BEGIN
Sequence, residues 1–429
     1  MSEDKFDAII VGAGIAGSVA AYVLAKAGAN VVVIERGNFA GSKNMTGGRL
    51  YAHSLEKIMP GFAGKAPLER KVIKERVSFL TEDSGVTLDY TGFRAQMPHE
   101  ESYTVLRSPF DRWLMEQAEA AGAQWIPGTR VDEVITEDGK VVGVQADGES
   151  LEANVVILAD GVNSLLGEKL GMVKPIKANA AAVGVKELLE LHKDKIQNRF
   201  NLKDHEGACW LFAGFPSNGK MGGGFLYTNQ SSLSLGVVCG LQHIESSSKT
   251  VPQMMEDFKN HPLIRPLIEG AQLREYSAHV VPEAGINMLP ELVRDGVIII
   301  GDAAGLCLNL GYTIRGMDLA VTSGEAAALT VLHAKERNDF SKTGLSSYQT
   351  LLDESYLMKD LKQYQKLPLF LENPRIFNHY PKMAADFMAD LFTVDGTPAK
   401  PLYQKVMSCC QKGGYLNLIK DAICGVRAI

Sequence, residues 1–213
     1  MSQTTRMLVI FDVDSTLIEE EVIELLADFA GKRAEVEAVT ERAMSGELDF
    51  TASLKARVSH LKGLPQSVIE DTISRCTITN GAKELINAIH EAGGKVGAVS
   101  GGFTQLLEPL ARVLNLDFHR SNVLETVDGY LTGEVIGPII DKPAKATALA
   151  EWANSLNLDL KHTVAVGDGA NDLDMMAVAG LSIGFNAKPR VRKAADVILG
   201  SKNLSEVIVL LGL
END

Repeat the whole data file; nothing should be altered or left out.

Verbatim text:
Sequence, residues 1–429
     1  MSEDKFDAII VGAGIAGSVA AYVLAKAGAN VVVIERGNFA GSKNMTGGRL
    51  YAHSLEKIMP GFAGKAPLER KVIKERVSFL TEDSGVTLDY TGFRAQMPHE
   101  ESYTVLRSPF DRWLMEQAEA AGAQWIPGTR VDEVITEDGK VVGVQADGES
   151  LEANVVILAD GVNSLLGEKL GMVKPIKANA AAVGVKELLE LHKDKIQNRF
   201  NLKDHEGACW LFAGFPSNGK MGGGFLYTNQ SSLSLGVVCG LQHIESSSKT
   251  VPQMMEDFKN HPLIRPLIEG AQLREYSAHV VPEAGINMLP ELVRDGVIII
   301  GDAAGLCLNL GYTIRGMDLA VTSGEAAALT VLHAKERNDF SKTGLSSYQT
   351  LLDESYLMKD LKQYQKLPLF LENPRIFNHY PKMAADFMAD LFTVDGTPAK
   401  PLYQKVMSCC QKGGYLNLIK DAICGVRAI

Sequence, residues 1–213
     1  MSQTTRMLVI FDVDSTLIEE EVIELLADFA GKRAEVEAVT ERAMSGELDF
    51  TASLKARVSH LKGLPQSVIE DTISRCTITN GAKELINAIH EAGGKVGAVS
   101  GGFTQLLEPL ARVLNLDFHR SNVLETVDGY LTGEVIGPII DKPAKATALA
   151  EWANSLNLDL KHTVAVGDGA NDLDMMAVAG LSIGFNAKPR VRKAADVILG
   201  SKNLSEVIVL LGL